- Public Health
- Diseases We Track
- Valley Fever
Valley fever (also called coccidioidomycosis, or cocci) is an infection caused by the fungus Coccidioides, that can be found in the soil. The term “Valley fever” usually refers to Coccidioides infection in the lungs but the infection can spread to other parts of the body in severe cases.
The fungus is found in the soil throughout the southwestern United States (Arizona, California, Nevada, New Mexico, Texas, and Utah) and in Central and South America. Coccidioides has also been identified in other parts of the United States including south-central Washington.
Confirmed valley fever cases in Maricopa County as of 12/7/2022
This table is updated monthly
Number of new cases reported in December
Number of cases reported from 1/1- 12/31
Total number of cases reported for the year
*Note: 2021 and 2022 data are preliminary and subject to change.
Most people who get Valley fever never experience any symptoms. About 40% of people will experience symptoms, which may appear between one to four weeks after they breathe in the fungal spores. Symptoms may include:
- Fatigue (tiredness)
- Shortness of breath
- Night sweats
- Muscle aches or joint pain
- Rash on upper body or legs
In extremely rare cases, the fungal spores can enter the skin through a cut, wound, or splinter and cause a skin infection.
Duration of symptoms
Symptoms of Valley fever can often last for a few weeks to a few months.
- Between 5% and 10% of people with Valley fever develop serious or long-term problems in their lungs.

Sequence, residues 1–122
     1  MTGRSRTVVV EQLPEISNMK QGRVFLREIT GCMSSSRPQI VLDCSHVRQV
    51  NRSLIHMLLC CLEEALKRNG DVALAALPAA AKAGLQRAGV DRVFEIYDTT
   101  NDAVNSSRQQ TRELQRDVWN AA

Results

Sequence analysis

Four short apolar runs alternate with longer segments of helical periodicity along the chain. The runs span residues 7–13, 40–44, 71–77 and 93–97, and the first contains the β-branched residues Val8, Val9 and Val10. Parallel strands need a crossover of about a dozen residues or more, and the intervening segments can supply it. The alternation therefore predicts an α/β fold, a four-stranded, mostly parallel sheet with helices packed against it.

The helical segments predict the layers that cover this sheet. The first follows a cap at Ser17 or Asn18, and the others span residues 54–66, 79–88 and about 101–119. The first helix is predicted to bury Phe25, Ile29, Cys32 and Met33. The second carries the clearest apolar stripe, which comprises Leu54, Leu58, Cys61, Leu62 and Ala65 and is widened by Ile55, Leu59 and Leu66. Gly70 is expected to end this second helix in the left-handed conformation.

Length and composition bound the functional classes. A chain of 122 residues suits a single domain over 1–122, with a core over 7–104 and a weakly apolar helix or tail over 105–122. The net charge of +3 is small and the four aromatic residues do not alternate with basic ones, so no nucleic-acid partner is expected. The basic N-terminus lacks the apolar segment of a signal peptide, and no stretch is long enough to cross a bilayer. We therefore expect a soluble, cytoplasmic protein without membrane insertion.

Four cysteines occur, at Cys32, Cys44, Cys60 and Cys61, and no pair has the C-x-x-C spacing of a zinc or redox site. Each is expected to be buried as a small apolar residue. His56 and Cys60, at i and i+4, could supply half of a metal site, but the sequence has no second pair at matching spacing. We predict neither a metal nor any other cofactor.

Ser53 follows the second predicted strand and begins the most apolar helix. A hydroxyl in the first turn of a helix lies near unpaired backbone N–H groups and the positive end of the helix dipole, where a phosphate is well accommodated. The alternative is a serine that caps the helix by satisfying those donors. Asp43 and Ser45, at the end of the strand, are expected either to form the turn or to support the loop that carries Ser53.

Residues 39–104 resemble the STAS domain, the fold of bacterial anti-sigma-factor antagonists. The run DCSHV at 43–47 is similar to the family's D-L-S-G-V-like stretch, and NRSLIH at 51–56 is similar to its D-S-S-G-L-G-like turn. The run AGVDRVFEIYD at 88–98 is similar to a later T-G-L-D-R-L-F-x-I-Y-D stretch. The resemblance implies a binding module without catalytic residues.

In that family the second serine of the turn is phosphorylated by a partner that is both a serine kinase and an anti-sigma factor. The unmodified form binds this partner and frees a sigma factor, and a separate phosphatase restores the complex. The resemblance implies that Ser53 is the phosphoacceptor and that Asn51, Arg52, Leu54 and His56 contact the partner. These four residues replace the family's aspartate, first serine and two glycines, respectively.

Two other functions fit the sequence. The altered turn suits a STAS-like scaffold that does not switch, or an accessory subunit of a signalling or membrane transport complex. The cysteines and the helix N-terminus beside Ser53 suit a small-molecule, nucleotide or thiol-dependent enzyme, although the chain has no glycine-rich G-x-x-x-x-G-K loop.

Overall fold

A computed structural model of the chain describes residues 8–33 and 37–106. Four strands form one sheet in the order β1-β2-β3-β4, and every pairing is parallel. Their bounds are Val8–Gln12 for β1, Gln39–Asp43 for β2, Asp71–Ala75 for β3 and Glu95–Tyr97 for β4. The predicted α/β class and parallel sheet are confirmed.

- People with disseminated infection can have symptoms lasting much longer. About 1% of people have disseminated Valley fever, which occurs when the infection disseminates, or spreads, to other parts of the body, such as the skin, bones, joints, and/or brain. Disseminated Valley fever typically requires life-long medication.
- Some people may have symptoms that go away without any treatment.
If symptoms last for more than a week, a healthcare provider should be contacted.
Healthcare providers will rely on travel history and laboratory tests to help diagnose Valley fever infection. The most common test for Valley fever is to test for Coccidioides antibodies or antigens in blood. Healthcare providers may also do lung imaging tests to look for Valley fever pneumonia, such as x-rays or CT scans. Less commonly, a healthcare provider may perform a tissue biopsy, where they take a small sample of tissue from the body and examine it under the microscope.
Any healthcare provider can order a Valley fever test. If you believe you may have Valley fever, ask your healthcare provider to get a Valley fever test.
Not everyone with Valley fever will need treatment and many will improve on their own. However, a healthcare provider may want to closely monitor someone with Valley fever. If a healthcare provider determines treatment is needed, they may prescribe anti-fungal medications.